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Students hone their creativity in new songwriting ensemble class

by Linda Lenhoff,

Songwriting ensemble

Students in Willamette’s new songwriting ensemble get to delve into what matters most to them through songwriting, work together with other musicians, and show off their creativity onstage under the spotlight.

After performing solo in their bedrooms for so long during the pandemic, these students enjoyed working together and pushing their original songwriting skills to new heights.

Artist Associate Michael Gamble, a longtime songwriter and professional musician, teaches the course, which six students signed up for the first day.

“It’s great to give the students an opportunity to work on their own music with other bandmates,” he says. “The songwriters are encouraged to write their own songs and to present those, rather than doing ‘covers’ because the connection with your own performance and working with other bandmates is more connected to your goal as an artist.”

Gamble says students “work with others to hone in the sound of the particular piece, the length, arrangement, and instrumentation.”

“I hope students gain the experience of being able to bring their song to an ensemble and to show it to them in a way that they're vulnerable to other people’s ideas and influences. They literally work on other people's music. Some of the students have just been ‘bedroom producers’ or working with a digital audio workstation. They haven’t had much experience working with others and seeing how that feels.”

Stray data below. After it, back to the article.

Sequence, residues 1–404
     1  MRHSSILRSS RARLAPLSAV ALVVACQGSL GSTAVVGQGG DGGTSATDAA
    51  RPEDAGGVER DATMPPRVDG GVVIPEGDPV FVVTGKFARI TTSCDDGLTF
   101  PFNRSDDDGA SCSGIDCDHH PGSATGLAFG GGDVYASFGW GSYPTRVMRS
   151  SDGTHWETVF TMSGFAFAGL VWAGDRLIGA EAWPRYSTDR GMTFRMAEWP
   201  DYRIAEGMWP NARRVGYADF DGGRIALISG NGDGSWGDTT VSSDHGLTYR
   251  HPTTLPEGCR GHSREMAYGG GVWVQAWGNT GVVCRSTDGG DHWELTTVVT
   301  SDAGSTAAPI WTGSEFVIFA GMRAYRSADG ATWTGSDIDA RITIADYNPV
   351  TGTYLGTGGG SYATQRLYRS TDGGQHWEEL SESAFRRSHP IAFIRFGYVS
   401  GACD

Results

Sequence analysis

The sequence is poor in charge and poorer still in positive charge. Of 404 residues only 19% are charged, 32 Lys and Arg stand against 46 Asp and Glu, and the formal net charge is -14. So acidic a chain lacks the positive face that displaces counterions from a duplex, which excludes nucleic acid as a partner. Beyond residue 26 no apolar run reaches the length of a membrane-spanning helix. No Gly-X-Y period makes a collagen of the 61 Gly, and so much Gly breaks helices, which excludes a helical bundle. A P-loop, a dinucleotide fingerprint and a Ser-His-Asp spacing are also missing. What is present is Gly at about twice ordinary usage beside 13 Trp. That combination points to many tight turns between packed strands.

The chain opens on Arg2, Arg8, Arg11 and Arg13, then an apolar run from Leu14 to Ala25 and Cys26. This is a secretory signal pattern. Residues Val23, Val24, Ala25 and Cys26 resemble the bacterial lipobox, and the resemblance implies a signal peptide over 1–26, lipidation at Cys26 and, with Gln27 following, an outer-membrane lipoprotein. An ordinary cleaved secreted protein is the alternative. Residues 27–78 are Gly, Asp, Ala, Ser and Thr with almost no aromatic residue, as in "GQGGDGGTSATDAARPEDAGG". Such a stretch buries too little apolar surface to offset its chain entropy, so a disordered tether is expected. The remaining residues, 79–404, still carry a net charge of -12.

Students in the class have loved exercising their songwriting muscles.

“It's been a really valuable experience for me to play music with extremely talented people,” says Karina May BA’24. “This group has pushed me out of my comfort zone in the best way possible.”  May says that since the start of the semester, she’s “started experimenting with different styles and hearing/playing other people's songs has shown me a lot more about songwriting.” 

Guitarist Carter Penny BA’23 agrees, adding, “I've learned how to carve out a niche in the song. When you're playing with so many other instruments, it can be easy for things to sound messy, so one of the important skills we focused on is trying to find a unique part/idea that you can play that adds to the song. Also it’s important to remember (especially in such a large ensemble) that sometimes knowing when to not play can be just as important."

For their finale, the ensemble performed to the theme “Heartbeats” on Dec. 8, in front of an enthusiastic crowd of family, friends, students, and the community at the Rogers Rehearsal Hall. 

Penny says he was “particularly excited about this concert because I get to play a variety of instruments,” adds Penny, who performed on piano, mandolin, and lap steel guitar. “This will be my first time ever performing live on piano, which is pretty nerve-wracking since I’ve only been playing since the start of this semester.”

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